Zombieland: Double Tap
The vast majority of sequels are unnecessary, but Zombieland: Double Tap feels particularly so, especially coming out a decade after the original.
CANNES, FRANCE — Tonight "The Congress" officially opens Cannes's Directors' Fortnight series, and while I speculated yesterday that the movie's absence from the main competition might be a bad sign, the film turns out to be the kind of visionary work you can easily imagine alienating as many people as it enchants. At its best, it's lyrical and mysterious, contemplating age-old sci-fi questions (of artificial intelligence, of perception versus reality) while grafting them onto a commentary about the changing nature of movies.
Directed by Ari Folman ("Waltz with Bashir"), "The Congress" begins as live action and switches to animation midway through. Its second half — particularly the final movement — is the part that appears to draw most heavily on Stanislaw's Lem's novel "The Futurological Congress," the movie's credited source.
The first part, a Hollywood satire, is invented. Robin Wright stars as "Robin Wright," a 44-year-old actress who can't get the parts she used to; she's told multiple times that bad choices have made her into box office poison. An executive at "Miramount" (Danny Huston) offers her a deal: He wants her to be "sampled," a process that will enable the studio to store her digitized likeness and use it to make movies. The fake Robin Wright will act in the real one's stead, perhaps doing things Wright herself would never do.
Can she stand losing control? Wright would also be required to retreat from public life, never acting again. This is the direction moviemaking is headed in, Huston's character assures her, and the only way to rekindle the magic of her most successful roles — Buttercup in "The Princess Bride" or Jenny in "Forrest Gump." (That the real Wright is at the height of her powers as an actress, including a superb turn on "House of Cards," is just part of the joke.)
Even in the early, real-world scenes, the movie traffics in a casual surrealism that recalls Folman's "Saint Clara" (1996). Wright and her kids live in a converted DC-9 hangar adjacent to an airport. Her son (Kodi Smit-McPhee) flies kites into planes' landing paths. He suffers from deteriorating hearing and sight; a conversation with his doctor (Paul Giamatti) about the future is what finally persuades Wright to go down the rabbit hole.
To sample her, a cinematographer must capture every expression she has. Wright suffers from a moment of performance anxiety. In a film filled with strange, disarming scenes, few are stranger than the one in which her agent (Harvey Keitel) coaxes the required reactions, telling her how he found his line of work and of his special love for her. It's one of many moments in "The Congress" that meditate on the seductive power of storytelling and illusions, a theme the movie — provocative in both form and content — returns to again and again.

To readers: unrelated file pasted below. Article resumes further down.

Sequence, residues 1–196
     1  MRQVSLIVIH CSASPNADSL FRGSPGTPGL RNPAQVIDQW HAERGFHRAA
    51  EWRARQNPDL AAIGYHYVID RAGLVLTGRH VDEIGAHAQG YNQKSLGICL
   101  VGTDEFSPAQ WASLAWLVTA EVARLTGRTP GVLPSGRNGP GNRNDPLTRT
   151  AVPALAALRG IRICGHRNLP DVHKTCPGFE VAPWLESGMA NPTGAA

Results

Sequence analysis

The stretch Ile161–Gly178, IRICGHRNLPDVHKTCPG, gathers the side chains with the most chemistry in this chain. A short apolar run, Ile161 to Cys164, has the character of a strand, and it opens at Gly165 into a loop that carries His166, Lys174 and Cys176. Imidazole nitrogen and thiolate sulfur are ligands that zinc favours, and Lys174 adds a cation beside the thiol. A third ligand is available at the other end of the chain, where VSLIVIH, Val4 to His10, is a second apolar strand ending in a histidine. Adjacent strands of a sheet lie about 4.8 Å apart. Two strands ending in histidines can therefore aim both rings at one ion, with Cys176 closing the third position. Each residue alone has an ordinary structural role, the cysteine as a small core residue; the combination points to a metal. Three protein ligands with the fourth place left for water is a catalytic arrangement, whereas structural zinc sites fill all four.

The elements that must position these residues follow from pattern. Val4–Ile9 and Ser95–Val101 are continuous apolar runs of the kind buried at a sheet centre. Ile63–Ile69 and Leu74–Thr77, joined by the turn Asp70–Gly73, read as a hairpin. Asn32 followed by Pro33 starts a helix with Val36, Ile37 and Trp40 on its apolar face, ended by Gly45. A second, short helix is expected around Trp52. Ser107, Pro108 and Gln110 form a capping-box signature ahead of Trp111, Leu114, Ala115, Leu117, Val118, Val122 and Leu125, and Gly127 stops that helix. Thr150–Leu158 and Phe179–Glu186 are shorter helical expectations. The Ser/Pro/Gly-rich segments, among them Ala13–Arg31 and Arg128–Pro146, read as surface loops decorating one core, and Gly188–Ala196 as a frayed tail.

Flash forward 20 years. The real Wright lives in relative anonymity, while her doppelgänger has become a superstar on the basis of a dunderheaded robot franchise. (Most people dismiss the movies as sci-fi, the ditzy fake Wright says, but she sees them as documentaries.) The real Wright agrees to speak at a conference in a place called Abrahama City; "The Congress" makes a disorienting shift to animation as soon as she enters town. Tellingly, in this world Wright's closest ally isn't a cinematographer or an agent but the animator (Jon Hamm, or rather, his voice) who programs her alter ego.
In a dense thicket of philosophizing and the upheaval of an assassination, the narrative loses some of its steam; the basic ideas are familiar from "The Matrix," "A.I.," "World on a Wire," and the film versions of Lem's own "Solaris." It's the kind of movie in which a robot advises Wright, "Everything is in your mind. If you see the dark, then you chose the dark."
Yet "The Congress" is never inaccessible emotionally, or as a commentary on cinema itself. "Movies are old news, Robin," Huston's aged (and now cartoonified) studio boss tells her, dismissing the medium as a relic of the last century. The film begs to differ, waxing nostalgic about the past while at the same time suggesting bold directions for the medium's future.
At the Q&A following the screening, Folman said one of his goals was to get as far away from "Bashir" as possible, both in subject and in drawing style. (The film's look doesn't necessarily suggest this, but his team found major inspiration in old Fleischer cartoons.) The movie fits Roger Ebert's axiom that some movies are tailor-made for animation. Whether it's in the futuristic conference sequences, an interlude showing New York transformed into a city of hanging gardens, or a segment in which humans adopt alternate identities for themselves, the premise requires a degree of visual imagination regular effects could never capture. Passages of hallucinogenic reverie are complemented by Max Richter's soothing score.
As much as "The Congress" may seem like a departure from the harrowing "Waltz with Bashir" (an animated doc in which Folman grapples with his experiences during Israel's 1982 Lebanon war), it's similarly preoccupied with memory, distortions, and the importance of acknowledging reality when faced with a choice between delusion and the truth. Like Wright, Folman attempted to get away — and in the end found himself back where he started.
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